The Democrat/Liberal faction, meanwhile, consistently bloats government using every device it can find. Conservatives respond by making excess government employment unpleasant and unrewarding, trying to force people (with guaranteed jobs) to reduce their dependency on government featherbedding by finding a more-agreeable position outside government.

    "Too many chiefs and not enough indians" is the classic sign of inflated government payrolls. The readiness with which opposing points of view agree that Parks management is top-heavy, gives us fair notice that when proponents of smaller government get the chance, the Parks System will be in the line of fire as reformers attempt to "starve the beast".

    I agree also with Beamis, that the Democratic victory in the White House & Congress is unlikely to change things at NPS to their liking. Even without the global economic problems, Obama is coming down well to the Right of where some of his supporters inferred he would stand. And I second Beamis' motion that National Parks Traveler be listed as a Parks Story of the Year!


  • The AARP Seven-Tip List for Economical National Park Visiting is One Tip Short   6 years 4 weeks ago

    Blessed are the senior retirees!
    So many times within and around many of Our National Parks have they given this scruffy backpacking scrambler a ride,
    a beer, fed me, shared the warmth of their fire, let me use the shower in their room etc.
    Thank You!

  • What Were the Top Stories Across the National Park System in 2008?   6 years 4 weeks ago

    It is a strategy to destroy the competence of government and the confidence of the American people in their government.

    That goal was achieved long before the current OMB or White House ever set out on their current course of destruction.

    Again, I will ask (my broken record----again) how does the scenario, which lepanto so aptly describes, allow y'all to continue to be inspired to put your faith and trust in the criminal enterprise known as government to do the right thing for the national parks? You all seem to have this quaint and barely coherent notion that just getting the right people into positions of federal power will solve the deeply systemic problems that plague the management of the parks and suddenly make everything right for Bambi and his friends in the Enchanted Forest. Pure poppycock!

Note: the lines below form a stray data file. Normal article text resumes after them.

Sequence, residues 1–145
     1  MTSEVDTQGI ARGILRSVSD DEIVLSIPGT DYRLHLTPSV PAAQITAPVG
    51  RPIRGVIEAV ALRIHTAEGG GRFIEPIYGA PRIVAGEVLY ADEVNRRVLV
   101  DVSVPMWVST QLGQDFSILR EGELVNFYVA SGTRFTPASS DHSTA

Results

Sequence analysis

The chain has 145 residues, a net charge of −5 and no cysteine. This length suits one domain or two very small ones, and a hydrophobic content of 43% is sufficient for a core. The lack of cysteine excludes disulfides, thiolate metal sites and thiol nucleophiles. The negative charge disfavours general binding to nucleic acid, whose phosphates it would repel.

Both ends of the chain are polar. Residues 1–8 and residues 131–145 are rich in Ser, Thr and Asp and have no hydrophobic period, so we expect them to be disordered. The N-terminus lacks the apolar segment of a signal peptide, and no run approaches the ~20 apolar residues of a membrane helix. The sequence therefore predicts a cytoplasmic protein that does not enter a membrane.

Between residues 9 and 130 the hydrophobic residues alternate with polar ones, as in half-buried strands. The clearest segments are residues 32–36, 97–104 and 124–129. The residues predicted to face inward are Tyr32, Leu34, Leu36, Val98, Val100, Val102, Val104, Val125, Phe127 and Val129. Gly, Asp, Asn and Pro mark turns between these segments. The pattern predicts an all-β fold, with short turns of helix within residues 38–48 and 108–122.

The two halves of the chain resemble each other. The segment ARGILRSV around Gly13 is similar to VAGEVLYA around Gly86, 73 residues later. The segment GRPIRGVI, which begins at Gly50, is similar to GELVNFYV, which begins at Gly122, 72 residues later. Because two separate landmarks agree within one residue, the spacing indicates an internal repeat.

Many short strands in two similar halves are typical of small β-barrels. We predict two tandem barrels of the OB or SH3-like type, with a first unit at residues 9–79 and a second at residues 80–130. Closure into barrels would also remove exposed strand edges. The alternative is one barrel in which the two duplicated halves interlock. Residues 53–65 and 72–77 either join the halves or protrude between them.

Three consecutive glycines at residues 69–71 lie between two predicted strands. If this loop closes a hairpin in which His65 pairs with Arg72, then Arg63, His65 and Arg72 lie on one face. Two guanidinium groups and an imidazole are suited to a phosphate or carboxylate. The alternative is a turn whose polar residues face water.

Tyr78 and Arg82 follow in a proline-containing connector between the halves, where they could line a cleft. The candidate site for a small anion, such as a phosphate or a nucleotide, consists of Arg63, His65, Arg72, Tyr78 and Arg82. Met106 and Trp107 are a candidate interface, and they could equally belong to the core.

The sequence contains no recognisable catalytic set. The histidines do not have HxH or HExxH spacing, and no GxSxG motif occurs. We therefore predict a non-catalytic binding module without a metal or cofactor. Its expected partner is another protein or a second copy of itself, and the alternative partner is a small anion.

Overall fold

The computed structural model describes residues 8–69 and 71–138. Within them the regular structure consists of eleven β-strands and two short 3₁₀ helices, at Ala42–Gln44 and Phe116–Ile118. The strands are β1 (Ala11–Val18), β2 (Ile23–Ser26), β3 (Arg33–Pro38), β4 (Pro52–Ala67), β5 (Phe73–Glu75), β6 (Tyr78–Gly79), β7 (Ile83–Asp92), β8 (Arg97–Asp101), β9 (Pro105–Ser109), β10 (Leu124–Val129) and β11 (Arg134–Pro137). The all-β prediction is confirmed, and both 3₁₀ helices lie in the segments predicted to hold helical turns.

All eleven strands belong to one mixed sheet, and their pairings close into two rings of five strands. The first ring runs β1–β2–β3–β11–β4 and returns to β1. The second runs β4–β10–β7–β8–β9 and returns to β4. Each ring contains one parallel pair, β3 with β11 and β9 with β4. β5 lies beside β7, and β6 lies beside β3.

That fatuous notion is nothing more than utter and hopelessly idealistic nonsense and mark my words people, things will NOT improve over the next four years due to a Democrat sitting in the Imperial Palace and holding a majority of seats in the Star Fleet Command. This ship is going down and a cute and nattily attired captain at the wheel ain't gonna save what is left of their tattered empire, especially the national parks. They are going to suffer right along with the rest of it.

    Merry Christmas to all of my fellow NPT readers. It has been a fun and exciting year trading comments and insights and if the truth be known I think this forum's existence has been one of the bigger stories of the year for the national parks. I wish it and you all a happy and prosperous (as best as can be achieved in a Federal Reserve caused hyperinflationary depression) new year.

  • Elk Population Growing at Great Smoky Mountains National Park   6 years 4 weeks ago

    The CBS News affiliate in San Fransisco reported on Jan. 28, 2008: Controversial Deer Slaughter Resumes At Pt. Reyes

    "Hunters from White Buffalo Inc., an East Coast company, shot between 8 and 10 fallow deer Monday morning in the Point Reyes National Seashore before weather conditions curtailed Monday's planned removal of the non-native deer species from the national park.

    The eradication is intended to preserve the park's native black-tailed deer and tule elk populations.

    John Dell'Osso, spokesman for the Point Reyes National Seashore, said the deer were shot in the Limantour wilderness area of the park. The deer are shot once in the brain by sharpshooters and additional lethal removal efforts this week are weather dependant, Dell'Osso said.

    The extermination of non-native axis and fallow deer began when an experimental contraceptive drug was used on 80 deer last summer. Since then 400 deer have been shot, Dell'Osso said.
    Dell'Osso said helicopters are used to herd the deer to other locations and shooting the deer in the brain is a humane lethal method of removing the deer.

    The National Park Service approved a plan a year ago to get rid of 1,200 non-native deer, claiming they were a threat to the native species in the area.
    The Park Service contracted Connecticut-based White Buffalo, which killed about 400 of the deer in the summer and fall. The company returned last Friday to continue the job."